Moore is fortunate. His parents help support him financially. He has access to good mental health care. And with the help of the state’s division of vocational rehabilitation, he has found a job that suits him. Many adults with autism are not so lucky.

Scientists are beginning to take note, but their understanding of how best to help adults with autism is paper thin. Of the more than $400 million that the United States spends each year on autism research, the vast majority is for two avenues of study: genetics research to find the causes and a cure, and studies on early diagnosis and intervention in children. Few studies have examined treatments for adults.

Accepted approaches for treating children with autism range from brief interventions for addressing specific challenges like recognizing facial expressions to comprehensive behavioral training programs that involve parents, teachers and peers.

“When you look at early intervention for autism, there are lots of different models, and we have a pretty good sense of evidence-based practices for young children with autism,” says Leann Smith, a developmental psychologist at the University of Wisconsin–Madison, whose research focuses on adolescents and adults  with autism plus their families. “There isn’t anything analogous to that for adults,” she says.

Activists like Temple Grandin and others are making the case that adults with autism bring important qualities to society. And in the last few years, public and private agencies that fund autism research have begun funding a growing cadre of researchers to develop and test therapies for adults with autism — particularly high-functioning adults.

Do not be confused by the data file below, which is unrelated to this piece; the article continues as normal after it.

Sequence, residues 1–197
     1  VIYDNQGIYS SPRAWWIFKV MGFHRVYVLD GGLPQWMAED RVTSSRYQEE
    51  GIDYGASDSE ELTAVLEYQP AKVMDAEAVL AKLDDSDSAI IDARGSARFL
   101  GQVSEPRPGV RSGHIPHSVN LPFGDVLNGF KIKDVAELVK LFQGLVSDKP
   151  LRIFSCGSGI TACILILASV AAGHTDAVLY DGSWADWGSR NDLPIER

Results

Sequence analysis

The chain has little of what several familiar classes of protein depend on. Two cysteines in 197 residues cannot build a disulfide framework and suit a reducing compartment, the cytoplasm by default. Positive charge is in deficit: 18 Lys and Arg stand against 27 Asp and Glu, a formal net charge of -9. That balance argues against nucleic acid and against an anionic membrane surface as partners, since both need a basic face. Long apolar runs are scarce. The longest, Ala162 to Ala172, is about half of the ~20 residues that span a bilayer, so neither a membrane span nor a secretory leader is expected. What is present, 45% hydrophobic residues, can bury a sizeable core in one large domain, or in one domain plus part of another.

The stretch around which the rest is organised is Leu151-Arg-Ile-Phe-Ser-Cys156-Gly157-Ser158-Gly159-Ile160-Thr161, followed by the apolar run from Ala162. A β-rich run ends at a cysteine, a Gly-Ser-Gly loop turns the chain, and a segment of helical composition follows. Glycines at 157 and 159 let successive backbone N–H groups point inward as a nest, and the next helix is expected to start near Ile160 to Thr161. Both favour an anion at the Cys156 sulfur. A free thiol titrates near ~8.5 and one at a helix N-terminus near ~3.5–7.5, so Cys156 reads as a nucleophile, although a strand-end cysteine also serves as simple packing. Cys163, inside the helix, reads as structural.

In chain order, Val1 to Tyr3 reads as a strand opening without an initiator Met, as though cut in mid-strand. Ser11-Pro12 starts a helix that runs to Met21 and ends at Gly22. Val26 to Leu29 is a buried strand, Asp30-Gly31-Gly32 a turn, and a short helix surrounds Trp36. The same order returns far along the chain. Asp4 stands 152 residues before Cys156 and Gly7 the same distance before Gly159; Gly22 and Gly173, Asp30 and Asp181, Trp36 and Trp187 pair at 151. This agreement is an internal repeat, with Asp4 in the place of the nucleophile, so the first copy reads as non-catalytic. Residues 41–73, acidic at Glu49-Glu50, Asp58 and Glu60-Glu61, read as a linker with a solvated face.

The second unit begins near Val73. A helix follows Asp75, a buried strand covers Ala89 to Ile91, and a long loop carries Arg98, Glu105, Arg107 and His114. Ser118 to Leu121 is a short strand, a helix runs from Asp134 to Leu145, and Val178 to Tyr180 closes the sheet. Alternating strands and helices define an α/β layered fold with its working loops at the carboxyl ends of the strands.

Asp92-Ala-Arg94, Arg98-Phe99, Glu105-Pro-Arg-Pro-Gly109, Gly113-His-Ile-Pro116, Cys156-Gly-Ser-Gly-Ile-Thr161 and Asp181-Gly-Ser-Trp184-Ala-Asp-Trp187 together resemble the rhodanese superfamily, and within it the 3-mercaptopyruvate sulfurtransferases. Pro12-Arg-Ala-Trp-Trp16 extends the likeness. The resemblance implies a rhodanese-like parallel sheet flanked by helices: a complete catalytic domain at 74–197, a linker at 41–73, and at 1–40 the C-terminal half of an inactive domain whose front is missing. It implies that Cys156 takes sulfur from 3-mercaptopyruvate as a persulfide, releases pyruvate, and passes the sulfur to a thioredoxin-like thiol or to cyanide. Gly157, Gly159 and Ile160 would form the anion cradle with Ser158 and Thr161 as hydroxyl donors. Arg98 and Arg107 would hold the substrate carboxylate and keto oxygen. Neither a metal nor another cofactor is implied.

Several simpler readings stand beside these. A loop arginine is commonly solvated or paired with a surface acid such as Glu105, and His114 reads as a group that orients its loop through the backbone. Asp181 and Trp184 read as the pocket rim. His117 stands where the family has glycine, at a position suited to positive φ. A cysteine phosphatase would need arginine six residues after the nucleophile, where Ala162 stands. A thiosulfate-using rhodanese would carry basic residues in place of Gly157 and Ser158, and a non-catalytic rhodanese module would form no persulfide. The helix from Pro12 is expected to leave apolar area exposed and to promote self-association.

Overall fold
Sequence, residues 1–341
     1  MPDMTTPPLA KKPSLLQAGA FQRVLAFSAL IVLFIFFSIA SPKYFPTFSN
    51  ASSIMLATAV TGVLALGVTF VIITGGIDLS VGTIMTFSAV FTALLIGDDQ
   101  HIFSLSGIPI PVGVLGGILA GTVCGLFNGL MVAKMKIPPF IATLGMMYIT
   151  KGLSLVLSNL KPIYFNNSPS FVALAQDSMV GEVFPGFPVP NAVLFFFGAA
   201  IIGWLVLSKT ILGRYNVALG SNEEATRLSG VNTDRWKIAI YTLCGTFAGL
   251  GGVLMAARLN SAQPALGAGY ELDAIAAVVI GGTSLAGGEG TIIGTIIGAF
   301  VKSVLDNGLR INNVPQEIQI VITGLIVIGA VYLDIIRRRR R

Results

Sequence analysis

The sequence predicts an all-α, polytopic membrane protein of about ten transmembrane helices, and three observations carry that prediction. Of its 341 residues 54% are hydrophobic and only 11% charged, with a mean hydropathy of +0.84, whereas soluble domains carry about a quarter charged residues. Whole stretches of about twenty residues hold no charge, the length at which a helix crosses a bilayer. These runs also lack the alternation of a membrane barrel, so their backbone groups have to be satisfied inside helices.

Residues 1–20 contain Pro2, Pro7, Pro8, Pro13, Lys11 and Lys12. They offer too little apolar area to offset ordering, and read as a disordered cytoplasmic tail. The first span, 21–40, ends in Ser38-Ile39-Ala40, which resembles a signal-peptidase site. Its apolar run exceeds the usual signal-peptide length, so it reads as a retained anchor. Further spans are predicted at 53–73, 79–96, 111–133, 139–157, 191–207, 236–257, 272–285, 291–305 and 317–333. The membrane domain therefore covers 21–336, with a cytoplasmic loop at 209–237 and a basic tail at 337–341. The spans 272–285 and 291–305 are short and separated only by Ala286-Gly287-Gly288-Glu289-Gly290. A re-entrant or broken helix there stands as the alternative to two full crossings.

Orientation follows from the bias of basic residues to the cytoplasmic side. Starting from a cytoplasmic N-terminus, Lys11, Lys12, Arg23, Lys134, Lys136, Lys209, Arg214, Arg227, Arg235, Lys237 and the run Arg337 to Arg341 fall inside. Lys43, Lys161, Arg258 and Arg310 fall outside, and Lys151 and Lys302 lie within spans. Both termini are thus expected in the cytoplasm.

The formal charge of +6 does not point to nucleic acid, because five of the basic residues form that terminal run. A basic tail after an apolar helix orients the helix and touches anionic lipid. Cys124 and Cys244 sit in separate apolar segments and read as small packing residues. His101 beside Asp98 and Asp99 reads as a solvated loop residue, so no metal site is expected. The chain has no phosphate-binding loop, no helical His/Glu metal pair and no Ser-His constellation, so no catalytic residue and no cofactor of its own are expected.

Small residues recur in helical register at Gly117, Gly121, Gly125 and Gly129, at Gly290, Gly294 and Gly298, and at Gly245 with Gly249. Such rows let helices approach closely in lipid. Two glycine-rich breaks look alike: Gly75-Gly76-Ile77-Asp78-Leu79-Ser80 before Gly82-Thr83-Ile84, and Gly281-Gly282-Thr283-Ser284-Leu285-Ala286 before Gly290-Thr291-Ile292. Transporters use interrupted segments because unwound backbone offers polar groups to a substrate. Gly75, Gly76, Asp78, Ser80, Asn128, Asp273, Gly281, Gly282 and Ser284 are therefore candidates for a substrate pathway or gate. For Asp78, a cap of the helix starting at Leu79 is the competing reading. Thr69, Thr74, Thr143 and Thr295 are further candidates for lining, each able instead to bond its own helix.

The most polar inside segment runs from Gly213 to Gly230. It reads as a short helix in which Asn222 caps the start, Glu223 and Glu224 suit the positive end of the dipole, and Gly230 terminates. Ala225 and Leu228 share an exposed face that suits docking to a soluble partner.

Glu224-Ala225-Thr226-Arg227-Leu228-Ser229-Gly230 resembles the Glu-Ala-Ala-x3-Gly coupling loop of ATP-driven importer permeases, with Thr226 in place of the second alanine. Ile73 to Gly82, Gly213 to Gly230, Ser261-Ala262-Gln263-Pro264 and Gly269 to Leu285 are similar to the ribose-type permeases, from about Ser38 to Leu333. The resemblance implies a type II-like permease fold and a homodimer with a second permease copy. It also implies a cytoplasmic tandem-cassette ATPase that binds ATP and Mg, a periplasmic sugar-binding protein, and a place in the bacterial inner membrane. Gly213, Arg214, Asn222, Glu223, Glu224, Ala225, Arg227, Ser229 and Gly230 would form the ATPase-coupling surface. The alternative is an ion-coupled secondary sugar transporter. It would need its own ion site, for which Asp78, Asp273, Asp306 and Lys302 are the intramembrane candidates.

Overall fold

“I really do expect to see huge changes in terms of what we know about how to support adolescents and adults with autism over the next 10 years or so,” says Julie Lounds Taylor, a Vanderbilt University developmental psychologist who studies the transition to adulthood for people with autism. “I would not have said that two years ago.”

Finding their place

The term “autism spectrum disorder” includes a suite of neurological conditions that range in severity and include impairments in communication and social interaction, difficulty with regulation of emotions and repetitive or obsessive behaviors and interests. About half of children diagnosed with an autism spectrum disorder are “high functioning” like Moore, meaning they have average or above-average intelligence. No drugs have been approved to treat the core symptoms of autism in children or adults, though many people with autism take medications for conditions that can occur alongside autism, such as depression, anxiety and irritability.

There are no reliable estimates of the number of adults with autism. But the prevalence of children diagnosed with autism has spiked in the last two decades. In 2000, the U.S. Centers for Disease Control and Prevention estimated that 1 in 150 children had an autism spectrum disorder. The agency’s 2014 estimate is a startling 1 in 68. The reasons for the increase aren’t fully understood, but researchers believe it is partly due to improved detection.

Those children will eventually reach adulthood and will still need support services as they try to find their place in the world.

One might expect that people with autism who are most high functioning would fare best in the adult world. But paradoxically, those without an intellectual disability are most likely to falter at the precipice of adulthood, partly because they often lose support services after age 21 and partly because social difficulties may frustrate college and career ambitions. (In some states, only more severely disabled people are eligible for assistance, such as Medicaid-funded services.)

Into the abyss